Alex Kronstein continues to explore an Autism NS report, specifically the section about autistics wandering off. Here he tackles police interventions involving autistic people in general, and specifically racialized people. Alex also suggests some safety issues that aren’t getting the attention that they deserve.
There is always a reason why a neurodivergent person is a so called flight risk, and wanders off. That obvious observation is too easily lost when solutions such as tracking devices become the focus, writes Alex Kronstein.
Alex Kronstein writes about the use of electroshocks as a disciplinary device at an institution in the States, and how a textbook used at the NSCC that appears to endorse it.
Organized mutual support has always been strong within the autism and disability communities, but it can g much further, writes Alex Kronstein, who looks at the Antigonish co-operative movement and the Black Panthers social programs for inspiration
Alex Kronstein reflects on activist language that gets co-opted and turned against autistic activists. “Autistic people have a great deal of shared experiences and history. But this is constantly being erased by allistic parents and professionals, the mainstream media, politicians, and the mainstream autism organizations,” he writes.
Alex Kronstein with some very important observations on how autism-related stories are covered in the Nova Scotia media, with lots of examples. Some examples just showcase the journalist’s ignorance, others are plain irresponsible.
Alex Kronstein on supports for children with autism in the education system: “When it comes to inclusive education, it is a well-known fact that EPAs and other school support staff do not have anything close to adequate training to provide support for autistic kids. There are training modules developed by actually autistic people that could give EPAs and support workers a whole new perspective.”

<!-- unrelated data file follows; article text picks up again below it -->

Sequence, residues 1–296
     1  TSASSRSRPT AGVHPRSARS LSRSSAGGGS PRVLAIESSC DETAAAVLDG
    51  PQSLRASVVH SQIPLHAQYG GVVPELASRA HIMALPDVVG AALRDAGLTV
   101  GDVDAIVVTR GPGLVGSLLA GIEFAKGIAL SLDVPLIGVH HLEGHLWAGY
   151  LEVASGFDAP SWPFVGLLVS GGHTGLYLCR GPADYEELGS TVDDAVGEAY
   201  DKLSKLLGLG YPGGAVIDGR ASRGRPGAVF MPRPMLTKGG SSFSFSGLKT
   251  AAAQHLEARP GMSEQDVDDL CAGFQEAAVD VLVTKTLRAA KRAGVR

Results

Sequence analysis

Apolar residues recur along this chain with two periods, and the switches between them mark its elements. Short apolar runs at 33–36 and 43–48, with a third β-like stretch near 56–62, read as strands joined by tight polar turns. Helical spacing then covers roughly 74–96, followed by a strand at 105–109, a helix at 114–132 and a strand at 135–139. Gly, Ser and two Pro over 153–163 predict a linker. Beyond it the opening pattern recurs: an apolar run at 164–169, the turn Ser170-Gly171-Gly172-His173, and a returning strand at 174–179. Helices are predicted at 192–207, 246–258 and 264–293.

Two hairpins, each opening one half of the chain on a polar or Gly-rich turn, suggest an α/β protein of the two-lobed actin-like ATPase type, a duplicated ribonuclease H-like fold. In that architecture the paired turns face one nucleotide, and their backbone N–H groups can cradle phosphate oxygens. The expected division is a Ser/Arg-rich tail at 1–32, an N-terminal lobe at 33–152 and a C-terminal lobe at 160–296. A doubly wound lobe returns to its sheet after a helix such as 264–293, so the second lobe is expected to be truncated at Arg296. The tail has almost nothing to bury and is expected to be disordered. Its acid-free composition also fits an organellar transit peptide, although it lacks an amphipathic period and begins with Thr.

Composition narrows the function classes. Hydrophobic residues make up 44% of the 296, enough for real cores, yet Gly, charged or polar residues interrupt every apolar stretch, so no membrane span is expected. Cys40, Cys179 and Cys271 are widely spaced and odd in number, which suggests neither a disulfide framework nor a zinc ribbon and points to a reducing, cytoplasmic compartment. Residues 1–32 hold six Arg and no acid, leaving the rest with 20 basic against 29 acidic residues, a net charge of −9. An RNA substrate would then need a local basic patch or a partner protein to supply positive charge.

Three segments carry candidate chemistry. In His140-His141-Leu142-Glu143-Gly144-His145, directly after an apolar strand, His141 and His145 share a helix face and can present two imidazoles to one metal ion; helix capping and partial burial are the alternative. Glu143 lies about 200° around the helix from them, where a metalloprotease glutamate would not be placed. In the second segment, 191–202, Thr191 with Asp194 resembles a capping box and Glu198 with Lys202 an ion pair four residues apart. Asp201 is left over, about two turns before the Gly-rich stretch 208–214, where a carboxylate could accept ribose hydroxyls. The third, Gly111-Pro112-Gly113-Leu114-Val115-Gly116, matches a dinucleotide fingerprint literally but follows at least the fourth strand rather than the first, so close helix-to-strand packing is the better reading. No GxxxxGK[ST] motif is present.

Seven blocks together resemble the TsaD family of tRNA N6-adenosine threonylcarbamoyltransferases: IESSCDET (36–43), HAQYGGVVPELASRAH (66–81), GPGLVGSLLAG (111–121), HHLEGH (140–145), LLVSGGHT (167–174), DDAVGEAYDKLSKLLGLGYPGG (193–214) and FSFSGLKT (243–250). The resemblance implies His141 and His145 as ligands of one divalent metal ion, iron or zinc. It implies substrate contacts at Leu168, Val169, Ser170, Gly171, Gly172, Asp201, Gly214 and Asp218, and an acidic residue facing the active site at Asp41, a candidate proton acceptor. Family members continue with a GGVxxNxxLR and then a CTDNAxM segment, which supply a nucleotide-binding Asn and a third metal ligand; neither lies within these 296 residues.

Many parents of autistic children are told about the EIBI program, and that it’s extremely important that their children receive it so they can have a good future. And they almost always accept this advice without question. But there are other options that are not based in Applied Behavioral Analysis (ABA), and that are non-pathologizing, e.g. that do not assume that there is something fundamentally wrong with the child. Alex Kronstein takes a look at one such option.
Any public policy discussion regarding autism is dominated by non-autistic people, be they parents or major autism organizations such as Autism Nova Scotia. This is very much by design, and further reinforced by media coverage, writes Alex Kronstein.
We need new ways of supporting autistic and other neurodivergent children in Nova Scotia, writes autism activist and frequent NS Advocate contributor Alex Kronstein. Approaches that are rooted in ideas of accommodation, articulated by actually autistic people.